Two Noteworthy Articles About Gatsby and West of Sunset

From The Columbia Chronicle:

The Great Gatsby 90th Anniversary: 90 years ago on April 10, 1925, F. Scott Fitzgerald published his literary opus, “The Great Gatsby.”


From The Daily News of Newburyport:

F. Scott Fitzgerald returns in “West of Sunset,” a re-creation of his movie years

The American trio of Fitzgerald, Faulkner and Hemingway continues to live – notably, in fiction.

Two recent books that created fictional treatments were “The Paris Wife,” about Hemingway’s first, and “Zelda,” a fictional look at the tempestuous relationship between Fitzgerald, the brilliant if drunken wordsmith, and Zelda, his talented flapper-wife who was institutionalized in her final years.

And there was the highly amusing movie, “Midnight in Paris,” by Woody Allen.

My favorite send-up character in that film  was Hemingway: “Are a real man? Do you want to box?” (This after a dozen drinks).

Anyway, Your Scribe just finished “West of Sunset,” by Stewart O’Nan.



Review of West of Sunset in The New Yorker


Briefly Noted

WEST OF SUNSET, by Stewart O’Nan (Viking). This novel of F. Scott Fitzgerald’s last years tracks him as he hacks away at Hollywood screenplays, perpetually menaced by poor health, poor finances, and a sense of his rusting legacy. Drowning in memories of a world “all promise and sweet fumbling,” Scott struggles not to disappoint his teen-age daughter, falls for a mysterious gossip columnist, and visits the institutionalized, tragically unstable Zelda. The narration wanders between wistful elegy and snappy one-liners delivered by, among others, Ernest Hemingway, Humphrey Bogart, and Shirley Temple. O’Nan’s adroitness with atmosphere and period detail makes Fitzgerald’s dreams of creating worthy work, even with his best days behind him, absorbing and poignant.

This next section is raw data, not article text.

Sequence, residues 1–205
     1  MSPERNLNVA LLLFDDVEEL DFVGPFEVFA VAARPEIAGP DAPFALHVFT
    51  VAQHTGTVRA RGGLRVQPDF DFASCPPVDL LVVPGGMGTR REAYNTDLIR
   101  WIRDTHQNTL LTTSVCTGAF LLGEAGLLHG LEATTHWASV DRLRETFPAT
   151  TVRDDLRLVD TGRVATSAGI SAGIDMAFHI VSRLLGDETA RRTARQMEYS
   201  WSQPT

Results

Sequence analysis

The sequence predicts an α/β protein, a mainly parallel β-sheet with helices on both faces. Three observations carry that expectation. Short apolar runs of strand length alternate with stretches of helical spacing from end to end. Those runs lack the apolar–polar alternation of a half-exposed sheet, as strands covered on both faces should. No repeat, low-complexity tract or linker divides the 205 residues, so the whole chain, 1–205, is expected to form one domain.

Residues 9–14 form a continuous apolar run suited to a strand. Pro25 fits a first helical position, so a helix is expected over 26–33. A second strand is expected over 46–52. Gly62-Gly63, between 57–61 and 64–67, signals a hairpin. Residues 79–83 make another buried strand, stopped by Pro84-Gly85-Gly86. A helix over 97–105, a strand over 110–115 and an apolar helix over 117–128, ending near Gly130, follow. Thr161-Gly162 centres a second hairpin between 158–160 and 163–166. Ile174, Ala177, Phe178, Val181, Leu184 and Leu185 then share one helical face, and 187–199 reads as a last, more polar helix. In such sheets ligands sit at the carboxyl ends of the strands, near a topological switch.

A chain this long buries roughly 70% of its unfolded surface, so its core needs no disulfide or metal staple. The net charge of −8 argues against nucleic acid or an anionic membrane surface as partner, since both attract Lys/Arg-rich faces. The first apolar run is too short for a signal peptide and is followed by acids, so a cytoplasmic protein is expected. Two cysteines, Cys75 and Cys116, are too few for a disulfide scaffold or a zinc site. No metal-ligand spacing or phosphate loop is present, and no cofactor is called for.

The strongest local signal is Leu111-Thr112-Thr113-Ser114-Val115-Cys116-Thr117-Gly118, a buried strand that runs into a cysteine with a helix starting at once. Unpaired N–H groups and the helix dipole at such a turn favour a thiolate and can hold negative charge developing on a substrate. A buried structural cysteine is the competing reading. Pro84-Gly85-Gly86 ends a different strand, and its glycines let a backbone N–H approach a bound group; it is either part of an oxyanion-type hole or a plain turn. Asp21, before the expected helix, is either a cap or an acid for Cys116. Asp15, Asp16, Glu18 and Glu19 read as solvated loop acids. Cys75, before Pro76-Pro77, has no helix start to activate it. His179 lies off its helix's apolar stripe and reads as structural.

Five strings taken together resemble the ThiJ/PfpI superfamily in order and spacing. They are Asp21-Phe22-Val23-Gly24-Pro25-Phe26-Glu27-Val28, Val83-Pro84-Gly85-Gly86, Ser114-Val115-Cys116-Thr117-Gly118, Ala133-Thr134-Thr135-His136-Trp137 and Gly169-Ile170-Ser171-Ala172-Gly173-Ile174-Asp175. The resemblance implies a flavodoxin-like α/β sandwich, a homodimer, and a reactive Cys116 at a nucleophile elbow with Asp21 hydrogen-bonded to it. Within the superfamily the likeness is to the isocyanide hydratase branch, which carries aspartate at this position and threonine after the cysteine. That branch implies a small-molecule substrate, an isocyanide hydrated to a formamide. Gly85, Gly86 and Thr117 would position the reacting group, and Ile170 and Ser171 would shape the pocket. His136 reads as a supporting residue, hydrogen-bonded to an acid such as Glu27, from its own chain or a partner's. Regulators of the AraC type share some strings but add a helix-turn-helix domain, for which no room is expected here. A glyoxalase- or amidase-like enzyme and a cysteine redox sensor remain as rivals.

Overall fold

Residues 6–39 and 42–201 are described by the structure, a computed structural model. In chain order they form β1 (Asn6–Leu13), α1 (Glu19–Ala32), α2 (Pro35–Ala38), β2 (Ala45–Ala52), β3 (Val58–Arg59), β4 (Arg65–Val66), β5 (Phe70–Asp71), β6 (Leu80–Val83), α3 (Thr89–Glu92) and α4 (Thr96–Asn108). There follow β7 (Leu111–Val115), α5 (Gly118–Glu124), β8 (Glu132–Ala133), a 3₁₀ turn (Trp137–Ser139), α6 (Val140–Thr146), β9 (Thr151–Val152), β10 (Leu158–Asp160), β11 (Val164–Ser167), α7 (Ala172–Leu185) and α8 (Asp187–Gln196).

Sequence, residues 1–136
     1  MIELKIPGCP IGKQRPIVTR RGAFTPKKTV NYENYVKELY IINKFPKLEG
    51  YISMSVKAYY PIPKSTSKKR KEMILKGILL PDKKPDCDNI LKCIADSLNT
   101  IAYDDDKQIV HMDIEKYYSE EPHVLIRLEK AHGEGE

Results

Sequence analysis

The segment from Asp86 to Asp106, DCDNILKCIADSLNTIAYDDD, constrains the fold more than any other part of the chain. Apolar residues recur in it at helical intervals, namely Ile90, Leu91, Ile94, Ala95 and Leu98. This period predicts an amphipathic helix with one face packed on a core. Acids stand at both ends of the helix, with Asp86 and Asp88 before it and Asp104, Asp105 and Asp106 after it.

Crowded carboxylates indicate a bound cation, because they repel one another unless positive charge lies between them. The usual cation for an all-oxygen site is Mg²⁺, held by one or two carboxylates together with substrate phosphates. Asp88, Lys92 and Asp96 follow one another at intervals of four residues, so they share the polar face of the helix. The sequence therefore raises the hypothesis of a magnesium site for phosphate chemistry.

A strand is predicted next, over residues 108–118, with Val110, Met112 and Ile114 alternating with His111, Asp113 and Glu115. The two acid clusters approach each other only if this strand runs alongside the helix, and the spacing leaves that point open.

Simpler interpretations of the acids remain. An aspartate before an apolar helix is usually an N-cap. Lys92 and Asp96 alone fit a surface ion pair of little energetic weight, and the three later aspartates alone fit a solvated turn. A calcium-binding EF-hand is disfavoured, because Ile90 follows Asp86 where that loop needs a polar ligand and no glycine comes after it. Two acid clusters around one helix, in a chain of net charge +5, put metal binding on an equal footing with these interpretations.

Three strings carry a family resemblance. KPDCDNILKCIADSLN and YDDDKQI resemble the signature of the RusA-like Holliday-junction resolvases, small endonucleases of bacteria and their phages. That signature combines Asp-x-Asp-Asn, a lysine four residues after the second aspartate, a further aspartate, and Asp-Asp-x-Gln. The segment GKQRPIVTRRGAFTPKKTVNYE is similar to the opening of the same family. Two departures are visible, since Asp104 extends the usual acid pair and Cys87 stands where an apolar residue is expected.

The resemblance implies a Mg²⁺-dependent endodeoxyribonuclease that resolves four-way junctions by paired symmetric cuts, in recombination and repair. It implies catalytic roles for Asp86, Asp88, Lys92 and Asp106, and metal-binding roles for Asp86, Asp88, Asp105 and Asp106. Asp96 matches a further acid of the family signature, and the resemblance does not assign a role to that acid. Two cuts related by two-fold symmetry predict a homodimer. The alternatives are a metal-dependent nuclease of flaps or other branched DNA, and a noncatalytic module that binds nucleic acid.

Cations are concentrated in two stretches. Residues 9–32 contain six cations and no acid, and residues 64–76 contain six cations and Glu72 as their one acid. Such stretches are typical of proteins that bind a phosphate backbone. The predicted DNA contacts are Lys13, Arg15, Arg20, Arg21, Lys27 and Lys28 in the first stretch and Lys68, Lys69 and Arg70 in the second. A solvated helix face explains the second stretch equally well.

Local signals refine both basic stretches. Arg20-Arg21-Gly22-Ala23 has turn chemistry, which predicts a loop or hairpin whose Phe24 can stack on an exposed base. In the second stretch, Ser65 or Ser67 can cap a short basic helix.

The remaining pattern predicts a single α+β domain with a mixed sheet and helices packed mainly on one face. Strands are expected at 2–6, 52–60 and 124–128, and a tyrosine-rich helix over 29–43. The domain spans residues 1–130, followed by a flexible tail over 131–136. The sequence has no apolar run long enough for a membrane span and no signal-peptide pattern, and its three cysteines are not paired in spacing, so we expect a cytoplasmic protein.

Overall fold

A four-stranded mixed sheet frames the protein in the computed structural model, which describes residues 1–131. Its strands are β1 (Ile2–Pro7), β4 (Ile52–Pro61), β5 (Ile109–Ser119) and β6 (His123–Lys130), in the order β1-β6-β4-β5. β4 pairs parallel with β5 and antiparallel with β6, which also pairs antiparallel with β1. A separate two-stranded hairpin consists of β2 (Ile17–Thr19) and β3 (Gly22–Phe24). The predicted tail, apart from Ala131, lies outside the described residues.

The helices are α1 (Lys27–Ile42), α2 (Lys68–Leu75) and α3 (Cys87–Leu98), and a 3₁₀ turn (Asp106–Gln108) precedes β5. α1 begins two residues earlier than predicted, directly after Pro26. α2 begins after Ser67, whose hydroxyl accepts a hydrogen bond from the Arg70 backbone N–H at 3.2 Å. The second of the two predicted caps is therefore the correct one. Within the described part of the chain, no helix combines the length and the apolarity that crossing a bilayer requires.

[The New Yorker]

12 Authors Who Make Food Sound Delicious


There are plenty of food and cooking memoirs available, as well as novel-recipe book hybrids, like Nora Ephron’s Heartburn. But the following bodies of work by this group of authors ostensibly have nothing to do with food; they sneakily suck you in with their captivating plots while secretly pushing a foodie agenda. And it works.

One of Stewart O’Nan’s classic moves is writing long passages that show his characters performing quotidian tasks in excruciating detail, usually while in the midst of a tragic or upsetting event.